CEA can thus help decision makers to choose cost-effective investments that increase total health and avoid cost-ineffective investments that reduce total health. This interpretation of opportunity costs in terms of forgone health benefits is more problematic if there is no fixed health budget. Opportunity costs then may fall instead on household consumption (via increased taxes or insurance premiums) or on reductions in public expenditure on programs not primarily designed to improve health. Regardless, thinking about trade-offs between cost-effectiveness and health equity is useful even if the test of cost-effectiveness, or value for money, is not interpreted in terms of health maximization.
The health equity impact plane in Figure 1 is a simple way of thinking about the potential trade-offs between cost-effectiveness and an alternative health equity objective, such as reducing inequality in lifetime health or giving priority to those who are currently severely ill. The vertical axis shows the cost-effectiveness of a health program. As explained, it is often useful to think of cost-effectiveness as a measure of net total health impact: the total health benefits of the program minus the forgone health benefits that would have been obtained by spending the same money on other health programs.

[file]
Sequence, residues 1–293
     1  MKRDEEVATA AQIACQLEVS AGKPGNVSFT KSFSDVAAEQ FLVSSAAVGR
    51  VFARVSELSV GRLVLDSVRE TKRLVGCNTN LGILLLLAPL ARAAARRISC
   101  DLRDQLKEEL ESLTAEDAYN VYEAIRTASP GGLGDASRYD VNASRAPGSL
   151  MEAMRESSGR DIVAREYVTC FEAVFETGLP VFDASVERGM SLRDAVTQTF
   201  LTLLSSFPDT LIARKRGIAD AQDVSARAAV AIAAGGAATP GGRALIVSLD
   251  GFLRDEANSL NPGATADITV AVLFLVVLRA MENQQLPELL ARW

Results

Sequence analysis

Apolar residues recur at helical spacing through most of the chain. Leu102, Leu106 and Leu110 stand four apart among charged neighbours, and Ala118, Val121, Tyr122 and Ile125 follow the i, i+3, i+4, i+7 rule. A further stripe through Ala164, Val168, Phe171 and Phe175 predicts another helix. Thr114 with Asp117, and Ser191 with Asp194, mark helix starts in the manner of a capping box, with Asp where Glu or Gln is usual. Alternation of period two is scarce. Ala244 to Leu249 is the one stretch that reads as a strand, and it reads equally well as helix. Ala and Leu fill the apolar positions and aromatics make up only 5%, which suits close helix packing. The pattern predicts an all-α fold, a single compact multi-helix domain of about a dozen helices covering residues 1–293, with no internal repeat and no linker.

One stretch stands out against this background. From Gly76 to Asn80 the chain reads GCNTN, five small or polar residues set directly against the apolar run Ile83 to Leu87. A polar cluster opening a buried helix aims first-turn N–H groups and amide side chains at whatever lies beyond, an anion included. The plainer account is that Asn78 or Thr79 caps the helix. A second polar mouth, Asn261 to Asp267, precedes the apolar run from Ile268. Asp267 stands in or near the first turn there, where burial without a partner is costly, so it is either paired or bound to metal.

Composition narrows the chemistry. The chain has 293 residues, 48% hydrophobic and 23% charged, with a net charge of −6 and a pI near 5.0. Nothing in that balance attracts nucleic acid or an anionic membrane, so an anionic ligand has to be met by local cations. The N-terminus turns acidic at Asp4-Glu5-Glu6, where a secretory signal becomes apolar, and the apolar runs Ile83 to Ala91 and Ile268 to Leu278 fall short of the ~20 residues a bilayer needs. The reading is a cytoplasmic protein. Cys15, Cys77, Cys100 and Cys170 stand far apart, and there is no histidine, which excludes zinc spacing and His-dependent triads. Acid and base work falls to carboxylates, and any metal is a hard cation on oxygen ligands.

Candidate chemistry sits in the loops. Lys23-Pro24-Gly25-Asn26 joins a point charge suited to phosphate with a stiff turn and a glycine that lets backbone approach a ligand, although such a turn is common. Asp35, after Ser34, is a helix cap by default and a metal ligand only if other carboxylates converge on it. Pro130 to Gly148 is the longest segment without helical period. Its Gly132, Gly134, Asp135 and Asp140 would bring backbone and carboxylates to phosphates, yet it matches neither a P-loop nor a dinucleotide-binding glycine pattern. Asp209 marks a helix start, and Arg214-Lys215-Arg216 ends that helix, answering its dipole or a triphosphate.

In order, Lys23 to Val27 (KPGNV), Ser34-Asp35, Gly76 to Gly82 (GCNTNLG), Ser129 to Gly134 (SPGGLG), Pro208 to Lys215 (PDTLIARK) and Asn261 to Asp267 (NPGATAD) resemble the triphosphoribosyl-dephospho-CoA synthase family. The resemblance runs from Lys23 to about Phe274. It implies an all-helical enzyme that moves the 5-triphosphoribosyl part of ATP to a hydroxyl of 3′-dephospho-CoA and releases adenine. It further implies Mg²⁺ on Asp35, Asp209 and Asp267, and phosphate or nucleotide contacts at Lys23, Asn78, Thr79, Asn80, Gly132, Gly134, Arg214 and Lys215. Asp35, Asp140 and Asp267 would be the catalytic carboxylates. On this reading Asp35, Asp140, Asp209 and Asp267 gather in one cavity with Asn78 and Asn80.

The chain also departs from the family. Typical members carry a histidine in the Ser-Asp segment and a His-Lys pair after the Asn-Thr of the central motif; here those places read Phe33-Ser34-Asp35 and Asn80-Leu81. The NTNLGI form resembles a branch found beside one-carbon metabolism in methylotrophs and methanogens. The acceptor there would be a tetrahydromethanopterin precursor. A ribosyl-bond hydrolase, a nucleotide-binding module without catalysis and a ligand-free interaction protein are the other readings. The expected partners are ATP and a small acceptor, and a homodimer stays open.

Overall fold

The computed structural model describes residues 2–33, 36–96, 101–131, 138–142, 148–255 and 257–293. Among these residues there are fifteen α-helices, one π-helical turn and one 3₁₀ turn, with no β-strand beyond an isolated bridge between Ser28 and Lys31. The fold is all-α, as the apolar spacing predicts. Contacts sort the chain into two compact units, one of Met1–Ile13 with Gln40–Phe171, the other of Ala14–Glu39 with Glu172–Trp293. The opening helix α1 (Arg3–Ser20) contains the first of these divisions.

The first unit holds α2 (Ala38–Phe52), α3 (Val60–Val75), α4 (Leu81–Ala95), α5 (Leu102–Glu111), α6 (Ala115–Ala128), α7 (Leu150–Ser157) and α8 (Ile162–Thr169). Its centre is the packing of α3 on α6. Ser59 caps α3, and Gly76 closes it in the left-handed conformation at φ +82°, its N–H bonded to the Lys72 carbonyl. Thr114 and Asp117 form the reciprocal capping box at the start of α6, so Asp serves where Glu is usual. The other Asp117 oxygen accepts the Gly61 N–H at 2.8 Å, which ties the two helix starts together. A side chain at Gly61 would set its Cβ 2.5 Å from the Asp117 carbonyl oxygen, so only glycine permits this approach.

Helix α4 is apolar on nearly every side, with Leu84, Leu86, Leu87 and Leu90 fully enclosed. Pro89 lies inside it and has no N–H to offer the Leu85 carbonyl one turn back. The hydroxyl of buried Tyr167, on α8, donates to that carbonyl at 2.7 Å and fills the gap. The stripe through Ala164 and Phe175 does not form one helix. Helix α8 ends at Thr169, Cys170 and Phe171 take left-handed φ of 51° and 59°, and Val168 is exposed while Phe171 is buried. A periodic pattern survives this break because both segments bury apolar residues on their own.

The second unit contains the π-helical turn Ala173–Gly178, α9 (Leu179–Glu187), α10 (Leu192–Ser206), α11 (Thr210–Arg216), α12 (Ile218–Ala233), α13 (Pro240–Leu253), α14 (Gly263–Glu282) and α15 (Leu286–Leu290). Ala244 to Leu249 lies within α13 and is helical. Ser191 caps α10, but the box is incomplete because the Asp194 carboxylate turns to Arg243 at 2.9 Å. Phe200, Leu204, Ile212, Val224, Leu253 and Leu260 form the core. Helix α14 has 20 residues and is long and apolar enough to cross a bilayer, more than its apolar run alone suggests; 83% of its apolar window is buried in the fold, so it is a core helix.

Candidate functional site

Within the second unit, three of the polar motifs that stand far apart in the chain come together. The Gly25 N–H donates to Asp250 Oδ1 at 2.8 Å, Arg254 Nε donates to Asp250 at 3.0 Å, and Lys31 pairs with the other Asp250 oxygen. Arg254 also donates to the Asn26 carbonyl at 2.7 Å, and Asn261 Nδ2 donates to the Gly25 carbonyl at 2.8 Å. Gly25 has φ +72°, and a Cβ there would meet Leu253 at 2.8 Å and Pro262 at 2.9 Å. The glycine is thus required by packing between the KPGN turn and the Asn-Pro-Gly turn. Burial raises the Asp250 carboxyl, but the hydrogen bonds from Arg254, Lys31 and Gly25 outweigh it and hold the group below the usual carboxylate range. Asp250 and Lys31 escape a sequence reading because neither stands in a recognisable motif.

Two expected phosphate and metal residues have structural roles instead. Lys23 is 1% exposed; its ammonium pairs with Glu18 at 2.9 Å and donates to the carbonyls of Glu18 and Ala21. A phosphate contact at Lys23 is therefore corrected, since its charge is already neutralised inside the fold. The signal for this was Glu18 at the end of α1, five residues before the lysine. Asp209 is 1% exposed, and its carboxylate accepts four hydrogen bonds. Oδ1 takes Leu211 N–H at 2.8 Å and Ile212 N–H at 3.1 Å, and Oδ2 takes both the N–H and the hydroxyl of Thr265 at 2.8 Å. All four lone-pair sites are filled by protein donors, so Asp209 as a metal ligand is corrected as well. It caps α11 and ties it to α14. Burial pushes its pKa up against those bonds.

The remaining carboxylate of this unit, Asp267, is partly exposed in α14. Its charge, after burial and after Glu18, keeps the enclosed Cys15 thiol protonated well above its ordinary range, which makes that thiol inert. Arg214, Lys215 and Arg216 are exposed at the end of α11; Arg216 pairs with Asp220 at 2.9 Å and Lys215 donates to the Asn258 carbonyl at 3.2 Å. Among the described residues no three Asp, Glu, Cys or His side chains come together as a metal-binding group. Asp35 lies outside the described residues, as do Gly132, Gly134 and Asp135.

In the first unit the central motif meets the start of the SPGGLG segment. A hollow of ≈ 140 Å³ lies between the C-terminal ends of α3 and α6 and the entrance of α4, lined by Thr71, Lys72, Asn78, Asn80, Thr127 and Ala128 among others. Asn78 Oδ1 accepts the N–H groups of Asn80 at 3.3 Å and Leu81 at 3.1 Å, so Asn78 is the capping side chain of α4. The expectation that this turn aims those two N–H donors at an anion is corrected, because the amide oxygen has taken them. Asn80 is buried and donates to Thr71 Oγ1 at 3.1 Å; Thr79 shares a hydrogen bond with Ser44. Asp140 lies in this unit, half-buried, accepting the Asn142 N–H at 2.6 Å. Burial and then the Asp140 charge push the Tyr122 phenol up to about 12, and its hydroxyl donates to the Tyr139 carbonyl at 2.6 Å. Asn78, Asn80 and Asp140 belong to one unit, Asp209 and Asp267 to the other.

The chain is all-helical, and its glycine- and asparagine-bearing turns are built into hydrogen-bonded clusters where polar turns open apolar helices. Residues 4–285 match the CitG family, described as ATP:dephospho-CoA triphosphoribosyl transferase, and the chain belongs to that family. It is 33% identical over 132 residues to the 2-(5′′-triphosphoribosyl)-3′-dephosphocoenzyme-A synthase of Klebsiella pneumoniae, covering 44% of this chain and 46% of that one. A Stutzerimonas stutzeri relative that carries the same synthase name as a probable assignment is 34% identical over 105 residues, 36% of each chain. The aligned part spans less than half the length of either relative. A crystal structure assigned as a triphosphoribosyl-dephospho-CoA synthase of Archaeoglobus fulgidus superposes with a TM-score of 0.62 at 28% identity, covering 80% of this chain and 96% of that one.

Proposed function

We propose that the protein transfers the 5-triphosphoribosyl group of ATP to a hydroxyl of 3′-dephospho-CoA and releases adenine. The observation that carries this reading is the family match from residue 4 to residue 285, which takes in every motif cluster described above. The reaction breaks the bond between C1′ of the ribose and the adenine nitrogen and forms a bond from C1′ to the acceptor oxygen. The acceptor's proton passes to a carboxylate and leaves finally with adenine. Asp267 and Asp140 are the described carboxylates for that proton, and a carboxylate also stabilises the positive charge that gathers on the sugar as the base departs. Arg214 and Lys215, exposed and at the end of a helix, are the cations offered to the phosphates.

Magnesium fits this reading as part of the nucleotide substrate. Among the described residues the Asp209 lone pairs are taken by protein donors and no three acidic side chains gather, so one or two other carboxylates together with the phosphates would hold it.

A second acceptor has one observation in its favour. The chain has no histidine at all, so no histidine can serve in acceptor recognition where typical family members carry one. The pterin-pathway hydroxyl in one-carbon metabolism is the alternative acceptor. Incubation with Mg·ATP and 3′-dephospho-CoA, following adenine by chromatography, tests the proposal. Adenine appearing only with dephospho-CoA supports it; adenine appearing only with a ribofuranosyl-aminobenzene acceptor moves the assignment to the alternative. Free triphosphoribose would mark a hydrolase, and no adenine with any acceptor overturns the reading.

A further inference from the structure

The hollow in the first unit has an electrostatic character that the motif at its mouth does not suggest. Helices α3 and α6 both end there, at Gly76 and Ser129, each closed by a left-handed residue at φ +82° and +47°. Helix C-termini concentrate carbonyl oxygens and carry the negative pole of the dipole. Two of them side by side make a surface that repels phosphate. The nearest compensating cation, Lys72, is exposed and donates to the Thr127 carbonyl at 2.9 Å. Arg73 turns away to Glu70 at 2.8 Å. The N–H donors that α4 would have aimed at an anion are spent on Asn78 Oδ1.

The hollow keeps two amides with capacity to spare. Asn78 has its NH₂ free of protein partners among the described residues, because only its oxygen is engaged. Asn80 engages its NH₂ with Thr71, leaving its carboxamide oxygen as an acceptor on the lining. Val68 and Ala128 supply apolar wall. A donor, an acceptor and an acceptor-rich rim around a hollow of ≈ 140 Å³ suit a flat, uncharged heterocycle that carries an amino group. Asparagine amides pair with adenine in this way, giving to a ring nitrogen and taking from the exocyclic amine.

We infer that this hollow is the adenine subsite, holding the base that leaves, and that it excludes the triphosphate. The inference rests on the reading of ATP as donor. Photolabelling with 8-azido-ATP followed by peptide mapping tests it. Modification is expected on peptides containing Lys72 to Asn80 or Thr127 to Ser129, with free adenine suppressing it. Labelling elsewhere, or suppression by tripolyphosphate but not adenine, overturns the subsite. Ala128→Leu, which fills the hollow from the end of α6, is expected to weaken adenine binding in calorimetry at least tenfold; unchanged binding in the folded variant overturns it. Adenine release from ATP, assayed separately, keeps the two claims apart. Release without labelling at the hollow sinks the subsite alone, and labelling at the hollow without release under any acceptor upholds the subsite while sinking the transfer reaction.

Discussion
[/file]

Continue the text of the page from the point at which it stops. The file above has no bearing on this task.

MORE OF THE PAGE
The horizontal axis shows the net health equity impact of the program. This refers to the net impact on the alternative health equity objective, again after allowing for program opportunity costs as well as program benefits [
]. The net equity impact may be assessed informally by the decision maker in light of disaggregated information or by using formal health equity metrics that combine disaggregated information in a summary index [
]. Different equity metrics can yield different conclusions, and the choice of metric requires justification based on explicit value judgments about a number of difficult conceptual questions, including equality of what? (e.g., outcome or opportunity), equality between whom? (e.g., all individuals or particular social groups), and equality indexed how? (e.g., absolute or relative indices) [
]. In practice, the choice of metric will often reflect pragmatic considerations of data availability as well as value judgments—for example, because opportunity is hard to measure, health outcomes may sometimes be a useful proxy indicator for impacts on health opportunities [